Zella Owen, the teacher at the Green Briar school invited everyone to a box pie and candy sale at the school. And Alma Forrest, the Zion School teacher announced an ice cream supper and country store at her school. Proceeds at each event helped support the schools.

The Shepherdsville Brass Band, led by Woodford Troutman, provided the music at the Gwynn school reunion at Pitts Point.

The paper reported that Mr. and Mrs. Emerson Welch entertained Mr. and Mrs. Robert Ice, Miss Beulah Welch and Emmitt Coakley of Belmont.

Bertha Trunnell, who was teaching school at Victory, was at home for the weekend with her parents, Mr. and Mrs. J. L. Trunnell.

Dr. and Mrs. Bates, W. T. Lee, Mrs. Curtis Lee, C. P. Bradbury and family, O. W. Jasper and Newton Pearl and many others from Bullitt County motored to Hodgenville to see and hear President Wilson's address at the Lincoln Farm celebration.

Percy Mumford of Belmont announced that he was a candidate for county jailer.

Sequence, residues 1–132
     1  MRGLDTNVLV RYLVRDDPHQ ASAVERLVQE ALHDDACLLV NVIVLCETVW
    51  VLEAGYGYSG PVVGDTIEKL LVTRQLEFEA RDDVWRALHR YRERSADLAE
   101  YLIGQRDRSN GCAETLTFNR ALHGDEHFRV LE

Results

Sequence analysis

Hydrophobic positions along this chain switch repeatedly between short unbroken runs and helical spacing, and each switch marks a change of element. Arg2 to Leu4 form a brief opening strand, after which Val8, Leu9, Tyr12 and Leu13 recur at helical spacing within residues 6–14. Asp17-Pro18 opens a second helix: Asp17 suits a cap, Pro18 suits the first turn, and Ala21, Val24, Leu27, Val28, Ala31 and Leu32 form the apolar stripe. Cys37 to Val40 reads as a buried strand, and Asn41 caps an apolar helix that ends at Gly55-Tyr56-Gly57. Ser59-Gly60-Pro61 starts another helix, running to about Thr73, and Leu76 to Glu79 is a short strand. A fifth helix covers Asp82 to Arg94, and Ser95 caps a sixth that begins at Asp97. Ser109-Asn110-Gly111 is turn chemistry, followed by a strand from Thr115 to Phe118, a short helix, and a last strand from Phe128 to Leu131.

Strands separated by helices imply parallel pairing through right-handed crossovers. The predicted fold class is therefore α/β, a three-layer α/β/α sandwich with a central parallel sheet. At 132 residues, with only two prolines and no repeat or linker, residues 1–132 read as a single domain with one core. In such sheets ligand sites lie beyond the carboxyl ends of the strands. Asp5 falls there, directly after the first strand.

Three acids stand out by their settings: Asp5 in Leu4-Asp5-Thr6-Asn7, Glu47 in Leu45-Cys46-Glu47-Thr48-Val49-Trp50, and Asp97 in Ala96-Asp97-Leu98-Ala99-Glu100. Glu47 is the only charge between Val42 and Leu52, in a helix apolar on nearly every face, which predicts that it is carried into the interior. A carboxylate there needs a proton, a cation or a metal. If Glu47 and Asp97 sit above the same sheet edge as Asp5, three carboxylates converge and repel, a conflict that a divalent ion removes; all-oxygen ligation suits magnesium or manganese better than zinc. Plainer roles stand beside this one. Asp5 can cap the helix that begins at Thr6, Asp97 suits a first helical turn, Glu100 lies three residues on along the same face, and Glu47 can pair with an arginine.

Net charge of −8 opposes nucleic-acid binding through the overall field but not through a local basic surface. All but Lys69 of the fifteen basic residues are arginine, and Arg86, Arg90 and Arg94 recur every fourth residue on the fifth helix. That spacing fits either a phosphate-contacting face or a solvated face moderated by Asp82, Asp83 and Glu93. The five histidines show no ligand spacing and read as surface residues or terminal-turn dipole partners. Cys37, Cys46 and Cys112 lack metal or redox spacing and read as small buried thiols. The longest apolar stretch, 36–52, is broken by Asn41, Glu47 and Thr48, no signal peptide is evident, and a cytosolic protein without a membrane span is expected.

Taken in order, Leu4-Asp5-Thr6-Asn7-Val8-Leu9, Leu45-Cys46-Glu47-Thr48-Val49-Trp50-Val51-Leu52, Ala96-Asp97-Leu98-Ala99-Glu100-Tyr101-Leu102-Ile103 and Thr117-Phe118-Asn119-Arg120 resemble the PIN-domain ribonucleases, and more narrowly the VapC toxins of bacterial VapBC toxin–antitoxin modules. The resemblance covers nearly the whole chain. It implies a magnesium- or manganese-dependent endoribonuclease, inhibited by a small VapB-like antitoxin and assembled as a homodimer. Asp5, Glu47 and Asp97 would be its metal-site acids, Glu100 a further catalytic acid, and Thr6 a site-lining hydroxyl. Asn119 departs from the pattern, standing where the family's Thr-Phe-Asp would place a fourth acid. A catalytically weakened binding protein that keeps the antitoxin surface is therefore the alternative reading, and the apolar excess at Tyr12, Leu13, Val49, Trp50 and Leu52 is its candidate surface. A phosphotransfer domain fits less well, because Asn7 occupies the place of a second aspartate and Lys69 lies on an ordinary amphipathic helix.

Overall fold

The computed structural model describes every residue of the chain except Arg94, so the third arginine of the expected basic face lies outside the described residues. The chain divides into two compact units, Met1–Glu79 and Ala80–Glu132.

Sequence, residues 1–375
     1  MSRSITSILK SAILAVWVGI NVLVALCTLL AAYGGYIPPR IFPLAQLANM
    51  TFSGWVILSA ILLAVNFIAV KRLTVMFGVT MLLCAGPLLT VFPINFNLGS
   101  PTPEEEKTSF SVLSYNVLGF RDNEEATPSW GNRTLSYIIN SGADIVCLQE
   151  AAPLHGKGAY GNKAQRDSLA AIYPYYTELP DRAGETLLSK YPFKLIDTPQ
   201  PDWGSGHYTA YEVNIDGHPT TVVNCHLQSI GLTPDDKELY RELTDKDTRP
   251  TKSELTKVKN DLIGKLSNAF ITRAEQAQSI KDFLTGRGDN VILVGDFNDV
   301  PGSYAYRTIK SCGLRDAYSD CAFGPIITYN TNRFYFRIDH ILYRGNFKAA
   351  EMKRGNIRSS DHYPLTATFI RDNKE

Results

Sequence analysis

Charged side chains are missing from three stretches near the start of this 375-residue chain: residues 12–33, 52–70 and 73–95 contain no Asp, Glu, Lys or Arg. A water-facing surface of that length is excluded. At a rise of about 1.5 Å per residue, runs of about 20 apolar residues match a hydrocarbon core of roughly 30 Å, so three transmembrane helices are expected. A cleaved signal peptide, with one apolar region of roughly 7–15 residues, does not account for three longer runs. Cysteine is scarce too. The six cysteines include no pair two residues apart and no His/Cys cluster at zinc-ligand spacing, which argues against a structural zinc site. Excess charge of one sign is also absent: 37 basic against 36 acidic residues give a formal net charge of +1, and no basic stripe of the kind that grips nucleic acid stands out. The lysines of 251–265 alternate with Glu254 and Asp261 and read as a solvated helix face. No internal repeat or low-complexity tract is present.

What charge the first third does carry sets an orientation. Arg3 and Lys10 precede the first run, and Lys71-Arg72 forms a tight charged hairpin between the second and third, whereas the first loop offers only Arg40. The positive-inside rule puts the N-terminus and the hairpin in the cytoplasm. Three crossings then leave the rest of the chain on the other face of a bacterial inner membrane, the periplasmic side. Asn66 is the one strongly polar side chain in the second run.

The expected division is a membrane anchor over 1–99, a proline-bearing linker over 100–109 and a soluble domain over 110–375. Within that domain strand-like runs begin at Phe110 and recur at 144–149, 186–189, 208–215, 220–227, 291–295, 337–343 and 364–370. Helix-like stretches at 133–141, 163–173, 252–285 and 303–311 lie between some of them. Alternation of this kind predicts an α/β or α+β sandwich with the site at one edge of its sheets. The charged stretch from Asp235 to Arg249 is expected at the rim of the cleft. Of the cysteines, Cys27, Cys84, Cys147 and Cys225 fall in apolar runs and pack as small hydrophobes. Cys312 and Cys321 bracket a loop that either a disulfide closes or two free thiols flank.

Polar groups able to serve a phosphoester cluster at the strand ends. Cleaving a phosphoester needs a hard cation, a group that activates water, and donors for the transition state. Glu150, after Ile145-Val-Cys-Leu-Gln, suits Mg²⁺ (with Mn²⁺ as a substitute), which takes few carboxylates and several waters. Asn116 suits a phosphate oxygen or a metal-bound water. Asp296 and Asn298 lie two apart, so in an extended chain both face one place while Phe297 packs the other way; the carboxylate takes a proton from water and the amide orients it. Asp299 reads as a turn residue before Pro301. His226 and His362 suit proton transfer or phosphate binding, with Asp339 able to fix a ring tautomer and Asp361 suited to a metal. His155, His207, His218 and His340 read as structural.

C. C. Daugherty, Professor Jack Sanders, Willie Mae Ridgway, Dr. Bates and many other teachers and trustees attended the Gwynn School reunion.

Miss Otis Mae Porter of Bardstown Junction, who was the principal of the high school at Mt. Washington, was moving to Auburn, Iowa to become principal of the Auburn school.

W. B. Gwynn, former professor at the Gwynn school at Pitts Point, and the first editor of the Bullitt Pioneer, gave a moving speech at the school reunion. He followed it up with a very nice letter to the editor of the Pioneer News.

The paper declared that Charlie Shoptaw was an artist in and at skinning squirrels, making John Buckman look slow in comparison.

And out at Pleasant Grove someone visited Edna Hall's chicken house twice. Apparently they didn't get everything the first time.


Copyright 2015 by Charles Hartley, Shepherdsville KY. All rights are reserved. No part of the content of this page may be included in any format in any place without the written permission of the copyright holder.


The Bullitt County History Museum, a service of the Bullitt County Genealogical Society, is located in the county courthouse at 300 South Buckman Street (Highway 61) in Shepherdsville, Kentucky. The museum, along with its research room, is open 8 a.m. to 4 p.m. Monday, Tuesday, Wednesday and Friday; and from 8 a.m. to 6 p.m. on Thursday. Admission is free. The museum, as part of the Bullitt County Genealogical Society, is a 501(c)3 tax exempt organization and is classified as a 509(a)2 public charity. Contributions and bequests are deductible under section 2055, 2106, or 2522 of the Internal Revenue Code. Page last modified: 12 Sep 2017 . Page URL: bullittcountyhistory.org/happened/september5.html